Kentucky Department for Libraries and Archives

Public Access Resources

Many resources exist to help directors manage their public computing needs. KDLA maintains the KY Tech listserv, which is open to anyone interested in technology in libraries. The ​​mailing list includes directors as well as technology staff. Traffic is not high, but it is an excellent forum to ask questions related to technology issues and learn what other libraries are doing. For more information, see KDLA’s listserv page​.

Other valuable resources include other library directors, who are always ready to share their solutions. If a nearby library has a knowledgeable tech person, their director may be willing to briefly loan their expertise. The school system’s technology staff could be another resource. Several libraries use school technology staff to provide part-time support after school hours.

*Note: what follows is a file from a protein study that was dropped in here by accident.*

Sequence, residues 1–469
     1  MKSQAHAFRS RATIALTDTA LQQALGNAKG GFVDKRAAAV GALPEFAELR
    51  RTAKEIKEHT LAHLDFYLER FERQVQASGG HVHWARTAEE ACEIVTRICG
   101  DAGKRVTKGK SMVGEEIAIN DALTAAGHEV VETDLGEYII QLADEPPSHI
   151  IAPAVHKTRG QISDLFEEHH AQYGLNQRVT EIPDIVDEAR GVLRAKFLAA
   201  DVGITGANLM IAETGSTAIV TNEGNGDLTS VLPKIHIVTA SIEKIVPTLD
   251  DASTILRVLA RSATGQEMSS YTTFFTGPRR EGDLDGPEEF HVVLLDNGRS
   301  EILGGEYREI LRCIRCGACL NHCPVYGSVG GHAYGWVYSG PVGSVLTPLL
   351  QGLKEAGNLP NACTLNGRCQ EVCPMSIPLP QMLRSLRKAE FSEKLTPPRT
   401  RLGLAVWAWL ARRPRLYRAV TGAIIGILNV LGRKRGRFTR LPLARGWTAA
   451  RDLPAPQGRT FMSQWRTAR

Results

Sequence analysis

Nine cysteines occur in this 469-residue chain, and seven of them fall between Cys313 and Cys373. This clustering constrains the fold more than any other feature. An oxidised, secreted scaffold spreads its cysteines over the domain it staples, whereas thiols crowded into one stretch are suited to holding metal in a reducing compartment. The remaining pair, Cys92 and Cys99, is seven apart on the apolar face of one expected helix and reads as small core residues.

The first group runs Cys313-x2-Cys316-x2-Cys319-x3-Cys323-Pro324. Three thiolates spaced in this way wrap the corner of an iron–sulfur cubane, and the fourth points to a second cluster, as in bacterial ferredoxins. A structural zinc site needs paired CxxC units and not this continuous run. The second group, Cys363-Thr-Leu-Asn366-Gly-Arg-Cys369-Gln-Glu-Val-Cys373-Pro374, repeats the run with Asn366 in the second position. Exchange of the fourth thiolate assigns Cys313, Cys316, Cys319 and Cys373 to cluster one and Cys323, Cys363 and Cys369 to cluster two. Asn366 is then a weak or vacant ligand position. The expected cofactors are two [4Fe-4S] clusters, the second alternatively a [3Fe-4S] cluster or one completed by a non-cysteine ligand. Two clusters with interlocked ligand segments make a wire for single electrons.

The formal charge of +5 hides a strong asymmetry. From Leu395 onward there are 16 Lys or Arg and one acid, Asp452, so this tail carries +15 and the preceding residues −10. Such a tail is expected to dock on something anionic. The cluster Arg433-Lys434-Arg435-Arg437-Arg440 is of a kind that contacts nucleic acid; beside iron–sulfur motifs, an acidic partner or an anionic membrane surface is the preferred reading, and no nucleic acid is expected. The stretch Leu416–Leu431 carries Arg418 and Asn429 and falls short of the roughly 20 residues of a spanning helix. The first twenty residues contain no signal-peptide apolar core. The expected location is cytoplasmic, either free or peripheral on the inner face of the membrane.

Numerous resources exist online for help with public computing issues. Webjunction, the online “learning place for libraries,” has pages devoted to both managing and networking public computers, in addition to many other technology topics. Resources include hour-long webinars, documents, and checklists.

TechSoup is indispensable for several reasons. First, and most importantly, the non-profit offers deep discounts on software and hardware donated by companies like Microsoft and Adobe. Libraries and other non-profits are qualified to purchase through TechSoup. Libraries are not required to have 501(c)(3) status to qualify. For more information, visit their library donations page or subscribe to new product alerts. Click on the envelope in the upper left corner of the TechSoup page and add your email address to subscribe.

TechSoup for Libraries is a one-stop shop for information and technology needs. The blog is updated frequently and provides brief informational articles and announcements for upcoming free webinars. The technology Cookbooks include tips and techniques for managing public computers, and include direct quotes from librarians in the field. The cookbooks provide an excellent introduction to basic challenges and solutions of public computing, though they are a bit dated (information about specific software may be out-of-date). These three cookbooks can be downloaded in their entirety: Planning for Success, Recipes for a Five Star Library, and Small and Rural Libraries.​